Soviets Blast 'Provocation' by U.S. Ships

From Times Wire Services

The Soviet Union today lodged an official protest with the U.S. Embassy against what it called a "provocative" violation of Soviet territorial waters in the Black Sea and warned of severe repercussions in the event of future incursions.

Vladimir Lomeiko, a spokesman for the Soviet Foreign Ministry, said the guided missile cruiser Yorktown and the destroyer Caron last Thursday passed six miles inside the 12-mile limit on the Black Sea, which separates Turkey from the Soviet Union.

A spokesman at the U.S. Embassy in Moscow confirmed that it had received the Soviet complaint, but would not reveal the contents of the diplomatic note.

In Washington, a Navy spokesman at the Pentagon denied that the two U.S. ships acted "in a provocative and defiant nature" and said they were "simply exercising the rights of free passage" in sailing within the 12-mile limit. The spokesman said international law recognizes the right that territorial waters of other countries can be crossed without prior notification.

Cites 'Defiant Nature'

The official press agency Tass said, "The embassy's attention was called to the fact that the action was of a demonstrative, defiant nature and pursued clearly provocative aims."

Lomeiko said similar violations of Soviet territorial waters could have "severe consequences" for the United States.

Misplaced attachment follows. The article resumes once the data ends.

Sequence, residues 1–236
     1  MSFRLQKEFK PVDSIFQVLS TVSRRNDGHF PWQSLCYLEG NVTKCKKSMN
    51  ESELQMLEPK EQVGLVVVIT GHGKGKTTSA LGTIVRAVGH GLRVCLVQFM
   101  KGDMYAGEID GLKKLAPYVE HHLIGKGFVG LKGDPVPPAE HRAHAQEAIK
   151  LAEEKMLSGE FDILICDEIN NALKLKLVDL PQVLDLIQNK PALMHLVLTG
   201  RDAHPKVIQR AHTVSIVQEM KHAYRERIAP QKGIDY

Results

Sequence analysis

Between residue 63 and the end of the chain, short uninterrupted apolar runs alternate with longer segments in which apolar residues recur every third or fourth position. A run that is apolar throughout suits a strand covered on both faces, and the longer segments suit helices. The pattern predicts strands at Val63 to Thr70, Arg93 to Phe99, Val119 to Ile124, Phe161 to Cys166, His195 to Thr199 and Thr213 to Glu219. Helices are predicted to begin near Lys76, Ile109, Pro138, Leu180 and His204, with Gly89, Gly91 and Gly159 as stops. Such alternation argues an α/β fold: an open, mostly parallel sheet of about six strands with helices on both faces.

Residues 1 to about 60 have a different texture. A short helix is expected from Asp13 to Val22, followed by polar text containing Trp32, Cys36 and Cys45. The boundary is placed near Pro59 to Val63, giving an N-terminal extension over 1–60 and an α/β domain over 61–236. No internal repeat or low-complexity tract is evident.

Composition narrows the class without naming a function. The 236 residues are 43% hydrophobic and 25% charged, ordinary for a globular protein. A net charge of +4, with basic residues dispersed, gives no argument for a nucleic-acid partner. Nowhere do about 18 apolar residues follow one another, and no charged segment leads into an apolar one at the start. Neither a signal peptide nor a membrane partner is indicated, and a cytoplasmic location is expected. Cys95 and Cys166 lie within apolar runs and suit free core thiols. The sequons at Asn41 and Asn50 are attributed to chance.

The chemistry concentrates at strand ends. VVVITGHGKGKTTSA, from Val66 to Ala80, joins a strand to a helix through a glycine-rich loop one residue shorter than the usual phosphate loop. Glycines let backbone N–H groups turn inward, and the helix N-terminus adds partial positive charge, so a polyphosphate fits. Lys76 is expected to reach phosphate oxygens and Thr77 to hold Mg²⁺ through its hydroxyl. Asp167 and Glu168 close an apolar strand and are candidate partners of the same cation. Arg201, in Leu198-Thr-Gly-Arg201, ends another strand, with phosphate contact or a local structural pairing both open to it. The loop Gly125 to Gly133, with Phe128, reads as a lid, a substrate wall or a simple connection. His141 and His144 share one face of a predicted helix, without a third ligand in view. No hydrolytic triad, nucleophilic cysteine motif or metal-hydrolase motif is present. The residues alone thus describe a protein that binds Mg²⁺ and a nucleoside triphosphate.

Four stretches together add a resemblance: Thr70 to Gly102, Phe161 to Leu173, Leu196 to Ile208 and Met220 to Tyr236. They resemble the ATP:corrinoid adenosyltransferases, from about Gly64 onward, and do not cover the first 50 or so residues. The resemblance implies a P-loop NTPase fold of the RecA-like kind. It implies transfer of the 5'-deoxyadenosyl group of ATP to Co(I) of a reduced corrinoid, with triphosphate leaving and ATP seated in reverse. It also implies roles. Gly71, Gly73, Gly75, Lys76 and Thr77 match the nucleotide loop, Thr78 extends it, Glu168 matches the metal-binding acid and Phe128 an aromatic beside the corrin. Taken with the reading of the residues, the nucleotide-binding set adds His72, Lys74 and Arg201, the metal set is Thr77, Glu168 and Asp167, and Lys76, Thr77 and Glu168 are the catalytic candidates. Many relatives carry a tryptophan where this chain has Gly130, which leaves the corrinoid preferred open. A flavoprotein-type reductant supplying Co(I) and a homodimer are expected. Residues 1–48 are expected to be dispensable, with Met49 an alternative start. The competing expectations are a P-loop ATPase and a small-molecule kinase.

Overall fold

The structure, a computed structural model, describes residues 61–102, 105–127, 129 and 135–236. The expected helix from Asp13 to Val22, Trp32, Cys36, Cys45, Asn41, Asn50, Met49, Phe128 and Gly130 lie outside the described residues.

He declined to say whether Soviet defense forces took any action to get the ships out of Soviet waters or whether any communication occurred between U.S. and Soviet forces.

The protest note was the second delivered by the ministry in the last eight days. Last Tuesday, the ministry said a White House order requiring the Soviets to reduce their U.N. staff violates U.N. regulations and endangers superpower relations.

During a news conference, Lomeiko also made clear that the Soviet Union will not send observers to a U.S. nuclear test in April at the invitation of President Reagan.

'Offers No Solution'

"That offers no solution to the elimination of nuclear weapons," he said of Reagan's invitation.

He said what is needed is "an end to tests, then control and verification, not control and verification without halting tests."

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